Non-glycemic outcomes

BMI.

Compared with placebo, SGLT2i reduced BMI (WMD −3.20%, 95% CI: −3.54 to −2.86%, p < 0.001, I2 = 47%, N-comparisons = 39, 7,396 participants) (Fig G in S1 Figs).

Subgroup and univariable meta-regression analysis revealed that BMI change was associated with 4 baseline moderators (TID, BMI, eGDR, and SGLT2i dose) and with 2 treatment-related moderators (eGDR change and DKA) (Table B and E in S1 Tables).

In a multivariable meta-regression model including baseline and treatment-related factors (Model 3), SGLT2i dose and eGDR change were independently associated with BMI changes (R2 = 63%) (Table 3).

Systolic blood pressure (sysBP)

Compared with placebo, SGLT2i reduced sysBP (WMD −3.81 mmHg, 95% CI: −4.49 to −3.12, p < 0.001, I2 = 0%, N-comparisons = 39, 7,396 participants) (Table 4 and Fig G in S1 Figs).

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Table 4. Multivariable meta-regression models for moderatos of systolic BP, eGFR, and ACR.

Only statistically significant moderators at univariable meta-regression were included in the models.

https://doi.org/10.1371/journal.pmed.1003461.t004

At univariable meta-regression, baseline sysBP and SGLT2i dose were associated with sysBP changes (Table F in S1 Tables). In a multivariable meta-regression model (Model 3), only SGLT2i dose was associated with sysBP changes (R2 = 62%) (Table 4).

Renal effects: eGFR and urinary ACR

Compared with placebo, SGLT2i were associated with a slight reduction in eGFR (WMD: −0.78, 95% CI: −1.29 to −0.26 ml/min/1.73 m2, p = 0.003, I2 = 0%, N comparisons = 39, 7,396 participants) (Table 4 and Fig H in S1 Figs). Subgroup analysis revealed that the eGFR reduction was observed only in RCTs lasting <24 weeks, but not in RCTs of longer duration (Table B in S1 Tables). Univariable and multivariable meta-regression analysis confirmed study duration was the only moderator of eGFR changes (Table G in S1 Tables and Table 4).

Urinary ACR was evaluated in 4 RCTs (trial duration ranging 4 to 52 weeks, mean baseline ACR in the microalbuminuric range). Pooled analysis of these RCTs showed SGLT2i treatment decreased ACR (WMD: −9.91, 95% CI: −16.26 to −3.55 mg/g, p = 0.002, I2 = 0%, N comparisons = 8, 3,052 participants (Table 4 and Fig H in S1 Figs).

On meta-regression analysis, SGLT2i dose and MAGE were independently associated with ACR change (Table 4 and Table H in S1 Tables).

Diabetic eye disorders

In the pooled dataset, 14 cases of diabetic eye disorders occurred: 11 incident cases of hemorrhagic retinopathy, 1 case of macular edema, 1 case of glaucoma, and 1 case of vision loss).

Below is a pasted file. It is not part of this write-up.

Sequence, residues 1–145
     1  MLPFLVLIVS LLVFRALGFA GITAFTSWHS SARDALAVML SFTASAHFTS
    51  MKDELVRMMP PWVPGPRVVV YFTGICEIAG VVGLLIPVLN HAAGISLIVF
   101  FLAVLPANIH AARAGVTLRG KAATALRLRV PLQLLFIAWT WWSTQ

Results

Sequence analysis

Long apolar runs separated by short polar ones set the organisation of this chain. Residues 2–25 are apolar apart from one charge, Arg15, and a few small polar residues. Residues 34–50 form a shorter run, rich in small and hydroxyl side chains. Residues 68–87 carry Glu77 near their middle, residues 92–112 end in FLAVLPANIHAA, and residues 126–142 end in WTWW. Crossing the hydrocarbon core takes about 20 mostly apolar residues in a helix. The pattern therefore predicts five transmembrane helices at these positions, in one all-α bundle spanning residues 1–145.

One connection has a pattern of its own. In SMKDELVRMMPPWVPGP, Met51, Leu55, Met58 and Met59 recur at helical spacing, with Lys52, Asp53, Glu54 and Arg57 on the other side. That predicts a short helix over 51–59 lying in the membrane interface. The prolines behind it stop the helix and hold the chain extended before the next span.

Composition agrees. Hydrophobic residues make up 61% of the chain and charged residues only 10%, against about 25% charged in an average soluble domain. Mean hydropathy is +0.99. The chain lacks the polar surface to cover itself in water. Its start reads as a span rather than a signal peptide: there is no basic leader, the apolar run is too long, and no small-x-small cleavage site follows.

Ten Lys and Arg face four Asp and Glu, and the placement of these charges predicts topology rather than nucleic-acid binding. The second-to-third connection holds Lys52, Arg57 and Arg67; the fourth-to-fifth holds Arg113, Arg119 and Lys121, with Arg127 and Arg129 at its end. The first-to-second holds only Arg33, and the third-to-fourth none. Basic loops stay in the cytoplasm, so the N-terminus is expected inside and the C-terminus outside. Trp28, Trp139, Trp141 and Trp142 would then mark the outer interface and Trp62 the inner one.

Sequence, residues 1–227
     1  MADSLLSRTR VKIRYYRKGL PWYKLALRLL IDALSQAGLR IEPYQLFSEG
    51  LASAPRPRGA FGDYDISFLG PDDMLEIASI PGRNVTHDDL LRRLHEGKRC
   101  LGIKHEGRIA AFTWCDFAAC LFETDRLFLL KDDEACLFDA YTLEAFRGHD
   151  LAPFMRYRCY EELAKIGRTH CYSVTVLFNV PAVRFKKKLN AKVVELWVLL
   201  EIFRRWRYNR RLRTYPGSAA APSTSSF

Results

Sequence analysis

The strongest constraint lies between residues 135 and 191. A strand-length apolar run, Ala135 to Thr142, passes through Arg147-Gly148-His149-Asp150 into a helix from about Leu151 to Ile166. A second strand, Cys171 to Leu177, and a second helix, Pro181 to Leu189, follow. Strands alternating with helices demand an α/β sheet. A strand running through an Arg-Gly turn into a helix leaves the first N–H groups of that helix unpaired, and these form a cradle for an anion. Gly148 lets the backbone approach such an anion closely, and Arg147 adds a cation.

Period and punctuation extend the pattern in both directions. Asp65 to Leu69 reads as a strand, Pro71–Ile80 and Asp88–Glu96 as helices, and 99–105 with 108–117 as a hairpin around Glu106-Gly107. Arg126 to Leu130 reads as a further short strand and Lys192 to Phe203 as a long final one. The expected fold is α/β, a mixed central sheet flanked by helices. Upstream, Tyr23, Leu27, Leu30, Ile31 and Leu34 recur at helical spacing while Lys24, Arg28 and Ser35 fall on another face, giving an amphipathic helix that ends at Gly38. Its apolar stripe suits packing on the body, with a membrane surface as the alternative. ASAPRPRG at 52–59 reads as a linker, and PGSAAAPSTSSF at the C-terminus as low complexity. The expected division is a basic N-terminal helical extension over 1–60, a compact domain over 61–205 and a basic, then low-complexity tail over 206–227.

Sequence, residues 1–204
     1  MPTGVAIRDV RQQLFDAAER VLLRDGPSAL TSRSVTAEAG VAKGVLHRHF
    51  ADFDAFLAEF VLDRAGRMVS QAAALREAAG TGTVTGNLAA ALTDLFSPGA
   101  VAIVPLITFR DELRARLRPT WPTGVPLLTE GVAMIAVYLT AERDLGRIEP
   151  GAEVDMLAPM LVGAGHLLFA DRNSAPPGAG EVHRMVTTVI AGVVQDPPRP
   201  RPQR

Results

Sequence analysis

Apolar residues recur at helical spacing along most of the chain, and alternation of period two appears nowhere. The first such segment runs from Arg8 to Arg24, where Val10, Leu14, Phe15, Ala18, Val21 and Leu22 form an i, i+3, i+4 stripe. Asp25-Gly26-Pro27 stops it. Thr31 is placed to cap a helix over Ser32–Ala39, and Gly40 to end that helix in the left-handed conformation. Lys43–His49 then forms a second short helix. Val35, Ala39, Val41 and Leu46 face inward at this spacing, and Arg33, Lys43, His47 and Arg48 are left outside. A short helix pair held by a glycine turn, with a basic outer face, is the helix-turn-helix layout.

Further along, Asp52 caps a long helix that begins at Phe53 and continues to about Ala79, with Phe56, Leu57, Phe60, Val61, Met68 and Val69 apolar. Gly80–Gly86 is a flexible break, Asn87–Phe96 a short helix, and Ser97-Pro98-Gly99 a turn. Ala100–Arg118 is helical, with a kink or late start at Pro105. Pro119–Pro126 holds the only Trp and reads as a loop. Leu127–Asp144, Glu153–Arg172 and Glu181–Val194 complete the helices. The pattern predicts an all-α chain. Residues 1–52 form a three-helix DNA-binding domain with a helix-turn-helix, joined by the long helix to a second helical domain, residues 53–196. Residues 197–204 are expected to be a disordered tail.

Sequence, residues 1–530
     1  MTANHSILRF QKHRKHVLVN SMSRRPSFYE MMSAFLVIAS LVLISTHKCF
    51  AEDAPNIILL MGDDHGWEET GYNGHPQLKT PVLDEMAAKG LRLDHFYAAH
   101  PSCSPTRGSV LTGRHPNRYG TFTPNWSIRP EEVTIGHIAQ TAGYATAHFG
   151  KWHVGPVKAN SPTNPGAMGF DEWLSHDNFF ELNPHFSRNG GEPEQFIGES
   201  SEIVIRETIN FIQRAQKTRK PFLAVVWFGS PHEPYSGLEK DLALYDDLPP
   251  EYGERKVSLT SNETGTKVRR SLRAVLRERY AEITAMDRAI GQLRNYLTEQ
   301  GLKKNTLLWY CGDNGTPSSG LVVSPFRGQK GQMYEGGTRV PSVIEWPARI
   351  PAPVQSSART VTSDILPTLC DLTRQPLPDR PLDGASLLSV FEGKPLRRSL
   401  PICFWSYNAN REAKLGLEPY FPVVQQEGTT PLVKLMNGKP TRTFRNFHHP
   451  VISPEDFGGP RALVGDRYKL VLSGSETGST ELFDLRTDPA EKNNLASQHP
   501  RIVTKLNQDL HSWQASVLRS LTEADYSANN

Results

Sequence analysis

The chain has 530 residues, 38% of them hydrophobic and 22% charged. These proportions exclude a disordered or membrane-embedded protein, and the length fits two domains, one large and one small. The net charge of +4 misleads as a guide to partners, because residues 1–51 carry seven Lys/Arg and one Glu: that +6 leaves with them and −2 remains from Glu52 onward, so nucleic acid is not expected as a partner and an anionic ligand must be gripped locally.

Compared with placebo, SGLT2i were associated with a 73% lower risk of eye-related disorders (RR 0.27, 95% CI: 0.11 to 0.67, p = 0.005; I2 = 0%, N comparisons = 39, 7,396 participants) (Fig I in S1 Figs).

The effect was accounted for by a lower incidence of hemorrhagic retinopathy (RR 0.27, 95% CI: 0.10 to 0.72, p = 0.009; N comparisons = 38, I2 = 0%, 7,396 participants). Subgroup analysis revealed that the effect was statistically significant only in RCTs of duration ≥24 weeks (Table B in S1 Tables).

On meta-regression analysis, changes in time-in-range (%) were independent RRs for diabetic eye disorders (Table 5 and Table I in S1 Tables).

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Table 5. Multivariable meta-regression models for moderatos of diabetic eye disorders, genital tract infections, and volume depletion events.

Only statistically significant moderators at univariable meta-regression were included in the models.

https://doi.org/10.1371/journal.pmed.1003461.t005

Safety outcomes other than DKA

The effect of SGLT2i on all AEs is summarized in Table J in S1 Tables.

The definition of hypoglycemia and severe hypoglycemia was consistent across all RCTs. Compared with placebo, SGLT2i did not affect the risk of hypoglycemia, severe hypoglycemia, UTIs, MACE, cancer, and all-cause death (Fig I in S1 Figs).

Compared with placebo, SGLT2i increased the risk of GTIs (RR 3.18, 95% CI: 2.49 to 4.06, p < 0.001; I2 = 0%, N-comparisons = 39, 7,396 participants) (Fig I in S1 Figs).

In a multivariable meta-regression model, the risk of GTI was independently associated with baseline TID and by changes in FPG (Table 5 and Table L in S1 Tables).

SGLT2i treatment was also associated with an increased risk of volume depletion events (RR: 1.53, 95% CI: 1.03 to 2.28, p = 0.03; I2 = 0%, N comparisons = 39, 7,396 participants) (Fig I in S1 Figs).

Subgroup analysis revealed that the risk of volume depletion increased in RCTs with a mean baseline eGDR <8.3 mg/kg/min, indicative of insulin resistance, but not in RCTs with a mean baseline eGDR ≥8.3 mg/kg/min (Table B in S1 Tables).

On meta-regression analysis, baseline eGDR and changes in eGDR were independently associated with RR of volume depletion events (Table 5 and Table M in S1 Tables).

The results of meta-analysis for glycemic and non-glycemic efficacy outcomes are summarized in Table 6.